On June 7, fire engulfed the intelligence headquarters in a disputed area in central Khartoum. Both sides accused the other of attacking the building.
After Burhan and RSF leader General Mohamed Hamdan Dagalo, known as Hemedti, carried out a coup in 2021 which derailed a transition to democracy, Hemedti said the move was a mistake and warned it would encourage Islamists to seek power.
Regional heavyweights Saudi Arabia and the UAE had seen Sudan’s transition toward democracy as a way to counter Islamist influence in the region, which they consider a threat.
Publicly, the army has asserted its loyalty to the uprising that ousted Bashir in 2019.
But after the military staged a coup in 2021 that provoked a resurgence of mass street protests, it leaned on Bashir-era veterans to keep the country running. A taskforce that had been working to dismantle the former ruling system was disbanded.
Before the outbreak of violence, Bashir supporters had been lobbying against a plan for a transition to elections under a civilian government. Disputes over the chain of command and the structure of the military under the plan triggered the fighting.
About a week after fighting broke out in April, a video on social media showed about a dozen former intelligence officials in army uniforms announcing themselves as reserve forces.
The footage could not be independently verified by Reuters.
Several senior Bashir loyalists walked free from prison in Bahri, across the Nile from central Khartoum, during a wider prison break amid fighting in late April. The circumstances of their release remain unclear. Bashir is in a military hospital.


Iran says it gave warning before attacking Israel. US says that’s not true

Iran's Foreign Minister Hossein Amir-Abdollahian (L) and US President Joe Biden. (Agencies)
Iran's Foreign Minister Hossein Amir-Abdollahian (L) and US President Joe Biden. (Agencies)
Updated 15 April 2024
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Iran says it gave warning before attacking Israel. US says that’s not true

Iran's Foreign Minister Hossein Amir-Abdollahian (L) and US President Joe Biden. (Agencies)
  • An Iranian source briefed on the matter said Iran had informed the US through diplomatic channels that included Qatar, Turkiye and Switzerland about the scheduled day of the attack, saying it would be conducted in a manner to avoid provoking a response
  • Israel has killed more than 33,700 Palestinians in Gaza, mostly women and children, according to the health ministry in the Hamas-run territory

WASHINGTON/BAGHDAD/DUBAI: Turkish, Jordanian and Iraqi officials said on Sunday that Iran gave wide notice days before its drone and missile attack on Israel, but US officials said Tehran did not warn Washington and that it was aiming to cause significant damage.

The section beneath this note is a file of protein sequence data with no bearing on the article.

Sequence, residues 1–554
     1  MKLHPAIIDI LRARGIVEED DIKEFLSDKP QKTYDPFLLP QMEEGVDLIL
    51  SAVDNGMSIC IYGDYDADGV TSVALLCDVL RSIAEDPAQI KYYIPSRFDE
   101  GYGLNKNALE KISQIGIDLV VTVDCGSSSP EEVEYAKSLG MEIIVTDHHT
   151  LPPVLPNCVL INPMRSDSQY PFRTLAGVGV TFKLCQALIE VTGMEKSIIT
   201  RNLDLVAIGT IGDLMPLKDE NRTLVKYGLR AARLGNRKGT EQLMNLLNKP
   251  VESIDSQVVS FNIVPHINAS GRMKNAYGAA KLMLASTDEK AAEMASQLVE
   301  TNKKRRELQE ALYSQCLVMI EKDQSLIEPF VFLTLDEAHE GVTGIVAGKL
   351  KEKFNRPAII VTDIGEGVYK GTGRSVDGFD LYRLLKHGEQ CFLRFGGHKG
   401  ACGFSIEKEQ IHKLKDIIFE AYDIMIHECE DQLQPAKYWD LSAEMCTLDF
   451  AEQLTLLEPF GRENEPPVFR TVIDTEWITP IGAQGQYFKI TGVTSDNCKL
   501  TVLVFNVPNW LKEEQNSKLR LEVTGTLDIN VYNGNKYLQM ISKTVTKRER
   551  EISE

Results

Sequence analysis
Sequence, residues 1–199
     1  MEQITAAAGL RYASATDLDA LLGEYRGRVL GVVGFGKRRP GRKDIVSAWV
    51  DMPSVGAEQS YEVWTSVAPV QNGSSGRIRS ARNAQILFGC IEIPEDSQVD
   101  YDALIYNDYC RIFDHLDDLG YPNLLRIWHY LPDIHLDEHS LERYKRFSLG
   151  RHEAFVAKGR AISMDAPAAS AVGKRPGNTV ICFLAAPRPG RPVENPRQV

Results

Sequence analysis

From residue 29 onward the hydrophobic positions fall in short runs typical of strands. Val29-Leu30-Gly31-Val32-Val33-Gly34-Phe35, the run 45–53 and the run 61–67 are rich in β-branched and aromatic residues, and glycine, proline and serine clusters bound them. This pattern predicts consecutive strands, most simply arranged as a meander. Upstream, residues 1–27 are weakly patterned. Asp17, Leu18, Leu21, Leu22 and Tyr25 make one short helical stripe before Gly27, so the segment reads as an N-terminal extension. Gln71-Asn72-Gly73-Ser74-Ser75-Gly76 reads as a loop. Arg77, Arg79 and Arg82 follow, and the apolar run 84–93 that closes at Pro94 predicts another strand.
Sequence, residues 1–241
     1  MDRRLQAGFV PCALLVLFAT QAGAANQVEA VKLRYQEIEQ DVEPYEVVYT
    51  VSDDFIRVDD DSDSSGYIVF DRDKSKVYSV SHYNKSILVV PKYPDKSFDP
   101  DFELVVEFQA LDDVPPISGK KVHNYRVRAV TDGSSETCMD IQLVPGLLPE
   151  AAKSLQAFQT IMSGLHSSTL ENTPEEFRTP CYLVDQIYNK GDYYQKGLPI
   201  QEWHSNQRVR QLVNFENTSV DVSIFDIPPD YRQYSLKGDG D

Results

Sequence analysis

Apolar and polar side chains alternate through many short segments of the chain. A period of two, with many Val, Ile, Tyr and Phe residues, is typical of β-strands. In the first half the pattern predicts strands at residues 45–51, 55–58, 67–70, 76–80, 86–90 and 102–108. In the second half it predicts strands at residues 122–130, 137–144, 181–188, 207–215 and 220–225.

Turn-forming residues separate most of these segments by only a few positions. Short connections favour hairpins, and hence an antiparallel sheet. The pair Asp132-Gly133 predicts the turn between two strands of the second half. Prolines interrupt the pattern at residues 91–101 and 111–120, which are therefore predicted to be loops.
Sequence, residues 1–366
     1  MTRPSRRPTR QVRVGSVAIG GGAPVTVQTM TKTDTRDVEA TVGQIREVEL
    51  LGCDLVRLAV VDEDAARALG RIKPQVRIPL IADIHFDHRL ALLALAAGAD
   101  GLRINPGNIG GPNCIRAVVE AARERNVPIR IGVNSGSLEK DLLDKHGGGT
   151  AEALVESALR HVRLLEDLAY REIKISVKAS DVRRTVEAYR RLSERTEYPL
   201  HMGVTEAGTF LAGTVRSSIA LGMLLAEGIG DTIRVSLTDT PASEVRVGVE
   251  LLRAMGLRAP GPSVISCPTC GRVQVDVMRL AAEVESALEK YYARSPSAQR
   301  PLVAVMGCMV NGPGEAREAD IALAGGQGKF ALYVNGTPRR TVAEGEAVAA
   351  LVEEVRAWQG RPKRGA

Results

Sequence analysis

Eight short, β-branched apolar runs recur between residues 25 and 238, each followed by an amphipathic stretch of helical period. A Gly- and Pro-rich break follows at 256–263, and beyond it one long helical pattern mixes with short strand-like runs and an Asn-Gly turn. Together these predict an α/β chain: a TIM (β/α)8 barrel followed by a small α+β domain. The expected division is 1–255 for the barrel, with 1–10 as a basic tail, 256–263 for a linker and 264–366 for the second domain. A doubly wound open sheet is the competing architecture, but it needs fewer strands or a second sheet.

Iran launched hundreds of drones and missiles on Saturday in a retaliatory strike after a suspected Israeli strike on its embassy compound in Syria.
Most of the drones and missiles were downed before reaching Israeli territory, though a young girl was critically injured and there were widespread concerns of further escalation.
Iranian Foreign Minister Hossein Amirabdollahian said on Sunday that Iran gave neighboring countries and Israel’s ally the United States 72 hours’ notice it would launch the strikes.
Turkiye’s Foreign Ministry said it had spoken to both Washington and Tehran before the attack, adding it had conveyed messages as an intermediary to be sure reactions were proportionate.
“Iran said the reaction would be a response to Israel’s attack on its embassy in Damascus and that it would not go beyond this. We were aware of the possibilities. The developments were not a surprise,” said a Turkish diplomatic source.
One senior official in US President Joe Biden’s administration denied Amirabdollahian’s statement, saying Washington did have contact with Iran through Swiss intermediaries but did not get notice 72 hours in advance.
“That is absolutely not true,” the official said. “They did not give a notification, nor did they give any sense of ... ‘these will be the targets, so evacuate them.’“
Tehran sent the United States a message only after the strikes began and the intent was to be “highly destructive” said the official, adding that Iran’s claim of a widespread warning may be an attempt to compensate for the lack of any major damage from the attack.
“We received a message from the Iranians as this was ongoing, through the Swiss. This was basically suggesting that they were finished after this, but it was still an ongoing attack. So that was (their) message to us,” the US official said.
Iraqi, Turkish and Jordanian officials each said Iran had provided early warning of the attack last week, including some details.
The attack with drones, cruise missiles and ballistic missiles risked causing major casualties and escalating the conflict.
US officials said on Friday and Saturday they expected an imminent attack and urged Iran against one, with Biden tersely saying his only message to Tehran was: “Don’t.”

ESCALATION
Two Iraqi sources, including a government security adviser and a security official, said Iran had used diplomatic channels to inform Baghdad about the attack at least three days before it happened.
The exact timing of the attack was not disclosed at that point, but was passed to Iraqi security and military authorities hours before the strikes, allowing Baghdad to close its airspace and avoid fatal accidents.